The Curious Incident of The Nail in the Night-Time
About a year ago, in the month of April, this writer, in the throes of despair and violent, moral corruption, wrote an article, to tell the world that the dark wasn't so bad after all; he managed to see the light, even when there was no electricity. A year later, this writer is back in the midst of that vile corruption… with a nail up his foot.
We will not go into the story of the Nail in the Dark, which is a long painful story, the telling of which cannot be done without obscene and prolific cursing.
The previous article dealt with how the dark may be helping us out, forcing our eyes to evolve and perceive darkness, forcing us to evolve and become, at the end of the load shedding, better human beings.
That was before The Incident of the Nail.
Pain, it has been said, can help people suffering from it empathise with others who are suffering with them. Unfortunately, that is not true, pain does not help you empathise; it only makes you feel sorry for yourself, as a great writer once said. The Nail, with its penchant to maim feet, twisted the positive outlook this writer previously had of the world. Pain only helps you to see the world as it is.
Where once we talked of pleasant things, now, we will talk of a more jaded, more jejune, more jaundiced (what's with the letter J and bad things?) world. One without light and littered with nails. We will talk, how, without light, without fans and A/Cs, a previously lazy, furthermore harmless populace turned rabid… well not yet, but its close. Nails can do that to you.
Mutation: It would be nice if one could tell you that evolution happened in the dark, as this writer once did. But that would not be true. Evolution is just another corporate sponsored, tailored to not offend you way of saying mutation. The first amoeba to grow a leg (or tentacle) did it because it had gotten singularly tired of the vast, tumultuous seas it lived in. It needed land. The first monkey to climb down from the trees did so because he fell… in the dark. Probably stepped on a nail.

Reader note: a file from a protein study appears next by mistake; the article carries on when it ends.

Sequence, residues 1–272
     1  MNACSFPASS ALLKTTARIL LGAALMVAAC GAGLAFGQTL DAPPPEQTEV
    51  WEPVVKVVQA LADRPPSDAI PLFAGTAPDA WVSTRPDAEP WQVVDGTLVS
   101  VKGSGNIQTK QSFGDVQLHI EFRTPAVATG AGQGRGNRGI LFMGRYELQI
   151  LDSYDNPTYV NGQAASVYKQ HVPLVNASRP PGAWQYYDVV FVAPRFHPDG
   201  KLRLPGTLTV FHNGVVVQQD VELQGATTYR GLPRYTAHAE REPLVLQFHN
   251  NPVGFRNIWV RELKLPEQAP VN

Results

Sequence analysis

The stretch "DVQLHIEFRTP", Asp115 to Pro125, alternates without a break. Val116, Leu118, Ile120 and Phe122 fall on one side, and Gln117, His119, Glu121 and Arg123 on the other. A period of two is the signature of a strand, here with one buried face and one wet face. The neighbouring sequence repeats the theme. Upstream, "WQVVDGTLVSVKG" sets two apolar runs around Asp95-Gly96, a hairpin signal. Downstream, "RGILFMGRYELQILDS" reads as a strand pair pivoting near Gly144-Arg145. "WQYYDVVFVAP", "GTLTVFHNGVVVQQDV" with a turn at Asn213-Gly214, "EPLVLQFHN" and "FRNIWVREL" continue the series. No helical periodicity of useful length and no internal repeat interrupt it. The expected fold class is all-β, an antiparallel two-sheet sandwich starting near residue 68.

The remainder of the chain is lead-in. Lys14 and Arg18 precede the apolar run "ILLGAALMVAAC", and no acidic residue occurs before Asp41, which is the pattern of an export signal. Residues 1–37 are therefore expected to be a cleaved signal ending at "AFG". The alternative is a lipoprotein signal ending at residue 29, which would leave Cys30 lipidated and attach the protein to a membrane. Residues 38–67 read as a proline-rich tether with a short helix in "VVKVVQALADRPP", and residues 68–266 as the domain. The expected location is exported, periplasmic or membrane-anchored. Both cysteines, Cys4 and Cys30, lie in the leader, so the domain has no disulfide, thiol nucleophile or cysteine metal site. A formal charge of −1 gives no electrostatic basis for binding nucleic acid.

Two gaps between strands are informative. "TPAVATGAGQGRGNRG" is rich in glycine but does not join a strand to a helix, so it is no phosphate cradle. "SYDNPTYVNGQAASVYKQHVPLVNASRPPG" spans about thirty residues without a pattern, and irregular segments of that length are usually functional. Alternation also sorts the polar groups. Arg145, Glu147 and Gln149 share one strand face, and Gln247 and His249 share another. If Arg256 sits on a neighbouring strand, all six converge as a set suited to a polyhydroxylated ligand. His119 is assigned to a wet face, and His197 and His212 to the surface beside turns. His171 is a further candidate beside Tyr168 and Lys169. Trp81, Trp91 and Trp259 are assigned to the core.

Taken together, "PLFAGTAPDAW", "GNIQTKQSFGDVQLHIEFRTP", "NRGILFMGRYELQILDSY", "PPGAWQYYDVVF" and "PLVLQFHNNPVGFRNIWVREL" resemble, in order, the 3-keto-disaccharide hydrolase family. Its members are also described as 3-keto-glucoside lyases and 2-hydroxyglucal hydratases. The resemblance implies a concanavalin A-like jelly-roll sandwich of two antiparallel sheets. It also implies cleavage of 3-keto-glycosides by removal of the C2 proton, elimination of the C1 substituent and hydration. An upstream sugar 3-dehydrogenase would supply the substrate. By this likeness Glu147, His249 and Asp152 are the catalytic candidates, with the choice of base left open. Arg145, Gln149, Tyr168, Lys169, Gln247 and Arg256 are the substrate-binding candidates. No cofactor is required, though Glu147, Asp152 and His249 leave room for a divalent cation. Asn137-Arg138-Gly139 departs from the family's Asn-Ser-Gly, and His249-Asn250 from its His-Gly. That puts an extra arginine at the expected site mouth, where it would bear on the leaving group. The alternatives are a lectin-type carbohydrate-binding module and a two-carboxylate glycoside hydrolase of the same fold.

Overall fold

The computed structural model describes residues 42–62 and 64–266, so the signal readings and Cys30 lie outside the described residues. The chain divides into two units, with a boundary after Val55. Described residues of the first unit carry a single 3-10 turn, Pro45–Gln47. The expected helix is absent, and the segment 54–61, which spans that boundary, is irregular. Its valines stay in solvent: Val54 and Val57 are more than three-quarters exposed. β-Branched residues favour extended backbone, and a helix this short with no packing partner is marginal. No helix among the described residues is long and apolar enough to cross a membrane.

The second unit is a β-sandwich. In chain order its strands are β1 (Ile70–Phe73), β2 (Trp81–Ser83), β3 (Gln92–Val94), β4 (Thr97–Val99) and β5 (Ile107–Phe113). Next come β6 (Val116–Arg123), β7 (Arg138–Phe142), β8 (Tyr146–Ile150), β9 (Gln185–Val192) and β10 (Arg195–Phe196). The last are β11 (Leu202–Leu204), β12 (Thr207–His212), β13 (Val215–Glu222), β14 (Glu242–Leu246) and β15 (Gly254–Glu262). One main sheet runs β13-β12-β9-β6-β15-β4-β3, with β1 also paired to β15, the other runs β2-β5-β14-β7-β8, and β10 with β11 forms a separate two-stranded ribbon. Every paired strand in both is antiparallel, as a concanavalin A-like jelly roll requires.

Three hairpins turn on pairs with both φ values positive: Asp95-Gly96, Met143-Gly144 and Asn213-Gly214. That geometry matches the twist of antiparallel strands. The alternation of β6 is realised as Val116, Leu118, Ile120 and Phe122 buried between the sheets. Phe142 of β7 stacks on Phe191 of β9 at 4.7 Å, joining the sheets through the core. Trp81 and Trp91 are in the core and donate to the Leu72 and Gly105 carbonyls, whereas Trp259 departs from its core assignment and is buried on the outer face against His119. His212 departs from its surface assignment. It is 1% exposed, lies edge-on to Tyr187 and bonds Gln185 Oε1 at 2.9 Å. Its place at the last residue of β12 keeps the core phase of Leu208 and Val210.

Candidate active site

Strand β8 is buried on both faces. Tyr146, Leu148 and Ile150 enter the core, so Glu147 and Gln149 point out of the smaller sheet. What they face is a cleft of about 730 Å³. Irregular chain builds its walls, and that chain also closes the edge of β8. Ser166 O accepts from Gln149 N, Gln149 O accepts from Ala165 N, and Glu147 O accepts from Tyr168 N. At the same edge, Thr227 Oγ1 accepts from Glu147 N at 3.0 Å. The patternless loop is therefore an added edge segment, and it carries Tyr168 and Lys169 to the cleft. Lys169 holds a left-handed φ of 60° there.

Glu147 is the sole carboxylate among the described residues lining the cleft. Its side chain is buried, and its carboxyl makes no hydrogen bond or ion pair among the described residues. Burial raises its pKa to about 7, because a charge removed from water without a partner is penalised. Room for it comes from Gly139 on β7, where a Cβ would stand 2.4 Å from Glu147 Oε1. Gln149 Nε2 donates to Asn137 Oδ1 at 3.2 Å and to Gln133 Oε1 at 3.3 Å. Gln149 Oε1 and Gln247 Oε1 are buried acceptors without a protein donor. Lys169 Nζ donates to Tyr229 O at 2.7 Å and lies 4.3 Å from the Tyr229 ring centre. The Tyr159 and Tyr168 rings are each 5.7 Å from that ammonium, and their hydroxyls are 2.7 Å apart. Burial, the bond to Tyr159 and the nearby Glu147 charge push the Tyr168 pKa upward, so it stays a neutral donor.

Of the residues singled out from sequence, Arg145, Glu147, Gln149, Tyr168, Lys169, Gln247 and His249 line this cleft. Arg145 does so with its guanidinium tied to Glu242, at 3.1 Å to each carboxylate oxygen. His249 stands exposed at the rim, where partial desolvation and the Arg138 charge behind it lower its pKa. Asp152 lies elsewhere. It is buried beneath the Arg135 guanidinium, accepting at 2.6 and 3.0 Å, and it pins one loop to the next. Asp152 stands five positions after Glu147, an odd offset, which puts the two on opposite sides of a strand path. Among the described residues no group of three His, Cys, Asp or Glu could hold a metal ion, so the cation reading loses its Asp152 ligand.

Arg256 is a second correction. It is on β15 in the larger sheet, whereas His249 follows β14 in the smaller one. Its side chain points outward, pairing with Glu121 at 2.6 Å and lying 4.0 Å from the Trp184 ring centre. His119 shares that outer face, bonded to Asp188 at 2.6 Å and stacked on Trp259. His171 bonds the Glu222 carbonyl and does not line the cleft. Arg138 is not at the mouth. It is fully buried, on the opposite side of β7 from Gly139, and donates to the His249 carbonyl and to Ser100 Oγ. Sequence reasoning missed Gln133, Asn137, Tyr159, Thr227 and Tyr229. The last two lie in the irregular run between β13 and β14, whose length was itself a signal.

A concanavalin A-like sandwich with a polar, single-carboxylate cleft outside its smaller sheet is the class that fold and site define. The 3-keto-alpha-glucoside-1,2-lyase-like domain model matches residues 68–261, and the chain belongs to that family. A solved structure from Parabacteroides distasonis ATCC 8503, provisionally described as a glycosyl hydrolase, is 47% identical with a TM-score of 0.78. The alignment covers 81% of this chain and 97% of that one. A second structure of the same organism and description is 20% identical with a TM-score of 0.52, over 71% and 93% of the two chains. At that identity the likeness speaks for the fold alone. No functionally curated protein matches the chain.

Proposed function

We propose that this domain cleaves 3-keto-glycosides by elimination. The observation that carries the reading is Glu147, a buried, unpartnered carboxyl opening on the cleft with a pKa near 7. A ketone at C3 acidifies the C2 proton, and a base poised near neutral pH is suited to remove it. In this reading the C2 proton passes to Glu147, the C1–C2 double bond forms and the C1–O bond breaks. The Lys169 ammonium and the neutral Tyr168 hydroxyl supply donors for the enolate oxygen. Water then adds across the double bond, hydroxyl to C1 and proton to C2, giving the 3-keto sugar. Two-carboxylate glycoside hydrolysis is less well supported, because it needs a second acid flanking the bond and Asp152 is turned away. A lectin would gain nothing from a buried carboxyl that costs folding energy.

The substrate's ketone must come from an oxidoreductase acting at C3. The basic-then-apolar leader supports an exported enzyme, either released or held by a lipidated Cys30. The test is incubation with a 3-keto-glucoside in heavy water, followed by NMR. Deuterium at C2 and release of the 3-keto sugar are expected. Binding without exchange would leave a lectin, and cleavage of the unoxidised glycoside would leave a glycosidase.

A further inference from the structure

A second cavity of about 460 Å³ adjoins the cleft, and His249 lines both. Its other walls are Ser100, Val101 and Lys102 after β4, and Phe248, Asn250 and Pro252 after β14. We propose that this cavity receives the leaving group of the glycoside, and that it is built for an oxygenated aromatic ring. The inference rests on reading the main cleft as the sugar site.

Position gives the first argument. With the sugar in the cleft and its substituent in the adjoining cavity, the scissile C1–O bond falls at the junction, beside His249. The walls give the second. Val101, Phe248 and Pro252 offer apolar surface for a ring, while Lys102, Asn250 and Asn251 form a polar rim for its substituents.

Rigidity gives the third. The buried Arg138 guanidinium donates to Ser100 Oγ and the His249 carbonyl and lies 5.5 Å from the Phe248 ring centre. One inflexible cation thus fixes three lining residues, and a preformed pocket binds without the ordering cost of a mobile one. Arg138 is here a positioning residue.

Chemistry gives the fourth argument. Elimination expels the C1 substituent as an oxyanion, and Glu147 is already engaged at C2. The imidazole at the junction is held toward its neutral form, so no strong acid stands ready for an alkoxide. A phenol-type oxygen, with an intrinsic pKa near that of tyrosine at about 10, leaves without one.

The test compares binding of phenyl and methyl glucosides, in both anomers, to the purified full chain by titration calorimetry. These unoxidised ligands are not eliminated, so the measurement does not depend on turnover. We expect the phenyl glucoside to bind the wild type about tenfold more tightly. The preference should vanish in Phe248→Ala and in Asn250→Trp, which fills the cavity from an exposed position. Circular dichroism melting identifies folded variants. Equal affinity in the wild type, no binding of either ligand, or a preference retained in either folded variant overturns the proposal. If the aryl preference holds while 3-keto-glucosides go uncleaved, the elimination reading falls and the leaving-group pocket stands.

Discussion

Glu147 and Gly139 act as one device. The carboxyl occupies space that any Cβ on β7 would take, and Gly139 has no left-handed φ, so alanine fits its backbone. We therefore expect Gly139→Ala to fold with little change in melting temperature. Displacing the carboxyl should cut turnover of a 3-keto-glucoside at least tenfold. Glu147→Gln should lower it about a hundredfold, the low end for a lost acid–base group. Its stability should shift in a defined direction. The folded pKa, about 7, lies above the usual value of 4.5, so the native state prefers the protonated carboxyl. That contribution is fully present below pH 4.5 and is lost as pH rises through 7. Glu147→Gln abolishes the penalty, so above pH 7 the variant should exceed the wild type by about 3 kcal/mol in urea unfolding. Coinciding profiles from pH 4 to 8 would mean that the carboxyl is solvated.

The fact of the matter is that bad things (and the letter J) lead us to find a way to escape. We mutate. And if this non-light goes on any further, webbed feet and ingrown toenails won't be far behind. Load shedding will make ugly X Men out of us, and not the cool kind with claws. The boil-ridden shortsighted kind.
Sweat: In his previously, utterly foolish and naïve (albeit very humorous) article, this writer spoke of how continuous sweating has been helping the obese loose some weight. The Nail however has robbed him of his naiveté, and shown him that constant sweating it through the dark does not help you lose weight. It helps you acquire a concentrated stink, a saturated fug that Axe won't be able to remedy.
In addition, constant sweating means more showers and baths, and constantly remaining moist, either from sweat or from shower water, which means that sometime in the dark, dark future, we'll probably grow gills, just to be able to breathe through it all. Just to be able to breathe through our own stink.
Motor Skills: A simple, untutored man might tell you, in earnest with all his heart, that the dark has helped increase his skill when it comes to traversing the accursed drawing room with the sharp-edged coffee table without injuring his knee. A more cynical person, with nail torn feet, might tell that it's all a lie… which it actually is. The dark does not help you, the dark does not like you and furthermore the dark does not care about you when you crack your knee open right after you've stepped on a nail.
We, the young, the infirm, the weak and the fat, are already deprived of the physical endowments that helped our parent generations build the Sphinx… without a nose. Oh wait, Napolean did that. What this writer is trying to say is that the people who blew of The Sphinx's nose were better than us, they could run without getting winded after 10 steps. We can't do that. Already crippled by continuous Playstation, the dark only helps us along that cold slope. The dark takes away what little motor skills we managed to hold on to. It is a cold world indeed.